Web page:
I am not a politician, but a minister who teaches theology. As a citizen of this great republic, I have convictions about domestic and foreign policy, but none of that qualifies me to join the fray of political experts and pundits. I am qualified, however, to engage the topic of significant support among self-identified “evangelical voters” for Donald Trump and what this means, not for the country but what it suggests about significant segments of the US church.
While a theological analysis of other candidates would suggest many equally troubling assumptions of their evangelical followers, no candidate is more identified with the word evangelical as is Trump. The loyalty of his self-identified evangelical followers is especially startling to many.
Let me suggest that the slender thread connecting Trump to the church is his occasional holiday appearances at Marble Collegiate Church, made famous by its pastor for 52 years, Norman Vincent Peale. Blending pop-psychology and spirituality, Peale’s The Power of Positive Thinking (1952) remained on The New York Times bestsellers list for 186 weeks. Nicknamed “God’s Salesman,” Peale was criticized for trivializing Christianity. Reinhold Niebuhr said that he “corrupts the gospel,” and that he helps people “feel good, while they are evading the real issues of life.”
In the 1952 election, Peale declared presidential candidate Adlai Stevenson unfit because he was divorced. For his part, Stevenson quipped, “Speaking as a Christian, I find Paul appealing and Peale appalling.” During the Kennedy-Nixon campaign, which began his long relationship with the Nixon White House, Peale declared, “Faced with the election of a Catholic, our culture is at stake.”
Trump’s parents attended Peale’s sermons each week with the family in tow, and Donald often recalls the impact on his life. He and his sisters were married by Peale.
A more recent exponent of a feel-good gospel, Joel Osteen, has called Donald Trump “a friend of our ministry” and “a good man.” Trump has previously tweeted, “Being associated with Joel is my great honor—he’s a fantastic man!”
So when in recent months, it has appeared that Trump appeals to a sizable group of evangelicals, it may be less surprising than all the hoopla suggests. Liberty University president Jerry Falwell Jr. hailed him as “one of the greatest visionaries of our time” and a wonderful Christian brother “who reminds me of my dad.” The redoubtable Pat Robertson gushed in an interview with the empire-builder, “You inspire us all.” Robert Jeffress, pastor of First Baptist Church in Dallas, who has introduced Trump at rallies, says, “We need a strong leader and a problem-solver, hence many Christians are open to a more secular candidate.”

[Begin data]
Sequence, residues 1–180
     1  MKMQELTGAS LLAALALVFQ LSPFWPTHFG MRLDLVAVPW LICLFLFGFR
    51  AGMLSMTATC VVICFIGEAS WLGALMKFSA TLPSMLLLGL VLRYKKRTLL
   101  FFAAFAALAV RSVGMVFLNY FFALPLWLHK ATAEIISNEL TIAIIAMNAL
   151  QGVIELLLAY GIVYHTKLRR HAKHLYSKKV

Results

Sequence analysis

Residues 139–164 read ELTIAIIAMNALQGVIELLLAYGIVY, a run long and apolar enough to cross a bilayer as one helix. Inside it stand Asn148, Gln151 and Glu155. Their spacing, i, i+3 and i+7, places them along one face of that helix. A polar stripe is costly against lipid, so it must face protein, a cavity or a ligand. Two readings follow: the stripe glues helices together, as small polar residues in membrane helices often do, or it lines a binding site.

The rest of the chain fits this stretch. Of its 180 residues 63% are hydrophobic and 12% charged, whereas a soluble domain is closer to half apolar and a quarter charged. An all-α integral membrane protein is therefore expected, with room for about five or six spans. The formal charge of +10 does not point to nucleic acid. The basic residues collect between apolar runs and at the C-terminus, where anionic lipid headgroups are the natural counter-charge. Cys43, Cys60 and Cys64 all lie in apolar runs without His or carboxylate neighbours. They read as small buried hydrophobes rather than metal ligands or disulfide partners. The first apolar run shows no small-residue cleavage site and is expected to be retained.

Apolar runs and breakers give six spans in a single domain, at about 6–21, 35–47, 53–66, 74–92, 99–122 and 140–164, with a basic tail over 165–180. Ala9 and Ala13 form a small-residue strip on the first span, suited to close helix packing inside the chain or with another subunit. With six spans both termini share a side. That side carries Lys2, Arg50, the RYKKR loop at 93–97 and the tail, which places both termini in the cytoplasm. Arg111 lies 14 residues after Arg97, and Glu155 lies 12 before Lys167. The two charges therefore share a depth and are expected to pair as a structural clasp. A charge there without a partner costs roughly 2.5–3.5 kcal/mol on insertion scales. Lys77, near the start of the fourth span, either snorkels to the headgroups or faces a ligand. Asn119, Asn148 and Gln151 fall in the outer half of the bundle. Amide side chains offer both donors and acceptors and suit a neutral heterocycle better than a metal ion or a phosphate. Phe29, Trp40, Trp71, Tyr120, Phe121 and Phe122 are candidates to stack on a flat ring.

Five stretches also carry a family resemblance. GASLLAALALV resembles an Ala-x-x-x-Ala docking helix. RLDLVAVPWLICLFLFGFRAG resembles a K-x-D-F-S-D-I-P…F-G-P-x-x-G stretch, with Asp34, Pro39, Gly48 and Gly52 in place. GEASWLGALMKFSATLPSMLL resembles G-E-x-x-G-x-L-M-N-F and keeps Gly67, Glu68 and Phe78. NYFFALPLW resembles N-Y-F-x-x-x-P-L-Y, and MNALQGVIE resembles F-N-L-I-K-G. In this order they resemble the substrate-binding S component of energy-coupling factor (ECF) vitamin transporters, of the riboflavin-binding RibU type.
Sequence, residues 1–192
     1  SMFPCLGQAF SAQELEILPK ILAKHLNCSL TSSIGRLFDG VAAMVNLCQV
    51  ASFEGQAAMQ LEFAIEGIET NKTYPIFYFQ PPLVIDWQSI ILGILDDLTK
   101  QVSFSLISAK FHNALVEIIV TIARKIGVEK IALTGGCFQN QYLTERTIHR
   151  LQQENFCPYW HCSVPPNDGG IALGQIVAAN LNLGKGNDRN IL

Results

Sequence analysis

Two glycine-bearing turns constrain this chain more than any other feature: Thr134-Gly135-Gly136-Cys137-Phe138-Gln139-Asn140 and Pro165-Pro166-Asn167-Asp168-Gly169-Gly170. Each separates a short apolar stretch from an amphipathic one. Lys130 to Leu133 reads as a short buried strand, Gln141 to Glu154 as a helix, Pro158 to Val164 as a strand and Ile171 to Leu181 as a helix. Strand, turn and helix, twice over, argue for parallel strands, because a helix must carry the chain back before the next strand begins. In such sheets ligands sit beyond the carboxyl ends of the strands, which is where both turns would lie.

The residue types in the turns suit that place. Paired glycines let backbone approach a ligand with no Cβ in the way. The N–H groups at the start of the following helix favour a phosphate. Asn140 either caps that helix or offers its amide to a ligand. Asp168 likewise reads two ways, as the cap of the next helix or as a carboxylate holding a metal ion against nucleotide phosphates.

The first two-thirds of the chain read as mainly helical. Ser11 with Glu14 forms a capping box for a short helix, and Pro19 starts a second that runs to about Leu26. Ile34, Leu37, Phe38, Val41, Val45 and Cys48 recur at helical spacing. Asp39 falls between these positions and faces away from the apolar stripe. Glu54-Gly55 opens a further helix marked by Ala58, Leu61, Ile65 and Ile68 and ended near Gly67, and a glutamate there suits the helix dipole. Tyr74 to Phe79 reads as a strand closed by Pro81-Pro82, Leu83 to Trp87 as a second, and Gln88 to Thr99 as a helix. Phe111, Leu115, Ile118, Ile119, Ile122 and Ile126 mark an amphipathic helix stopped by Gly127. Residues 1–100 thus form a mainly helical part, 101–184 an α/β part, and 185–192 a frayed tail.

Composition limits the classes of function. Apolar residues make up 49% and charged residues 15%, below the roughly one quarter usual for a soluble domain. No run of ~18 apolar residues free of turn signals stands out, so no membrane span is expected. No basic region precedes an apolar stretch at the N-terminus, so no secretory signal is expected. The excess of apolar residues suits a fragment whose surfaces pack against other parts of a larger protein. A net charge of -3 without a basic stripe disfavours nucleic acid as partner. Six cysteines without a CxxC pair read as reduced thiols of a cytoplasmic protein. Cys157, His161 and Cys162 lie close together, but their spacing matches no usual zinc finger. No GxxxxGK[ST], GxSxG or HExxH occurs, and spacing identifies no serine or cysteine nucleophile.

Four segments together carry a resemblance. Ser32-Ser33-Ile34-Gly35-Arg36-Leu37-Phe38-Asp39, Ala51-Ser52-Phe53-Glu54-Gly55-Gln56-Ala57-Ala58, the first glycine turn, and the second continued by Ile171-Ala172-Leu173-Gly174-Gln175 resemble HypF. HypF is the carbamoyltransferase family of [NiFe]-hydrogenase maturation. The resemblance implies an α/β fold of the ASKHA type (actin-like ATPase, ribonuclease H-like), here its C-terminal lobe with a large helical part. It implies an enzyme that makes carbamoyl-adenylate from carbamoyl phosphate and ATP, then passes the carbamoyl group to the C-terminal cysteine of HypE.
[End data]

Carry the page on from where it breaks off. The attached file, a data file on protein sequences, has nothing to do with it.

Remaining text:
Vague on doctrine, infiltrated by consumerism and a sentimental moralism intent on helping us all “become a better you,” and sort of interested in “family values” as long as they don’t interfere with our own family breakdowns, many cultural evangelicals are tired of losing the culture wars. They want a winner—“a strong leader.” I’m hardly the first to point out that it’s the stuff of which demagogues are made.
It is not that Trump has caused this transformation in portions of the so-called “evangelical electorate.” Rather, his candidacy has revealed the inner secularization of significant portions of the movement, which surveys have documented for some time now. Four theological words highlight the problem.
1. Creation. Trump reveals that many evangelicals have come to embrace a new doctrine of creation, according to which the state accords basic rights instead of recognizing their dignity as fellow image-bearers of God. Hence, the support of the torture of human beings (and perhaps their relatives) as legitimate state policy; this is entirely justified to some by the circumstances of an unlimited war on terror. Never mind the Christian just-war tradition that has undergirded centuries of Western reflection. And given the apparent failure of even his most recent ambiguous statements about the KKK to diminish support among his base, Trump reveals that America’s unfinished task of wrestling honestly with racism is just as clearly mirrored in some parts of evangelicalism.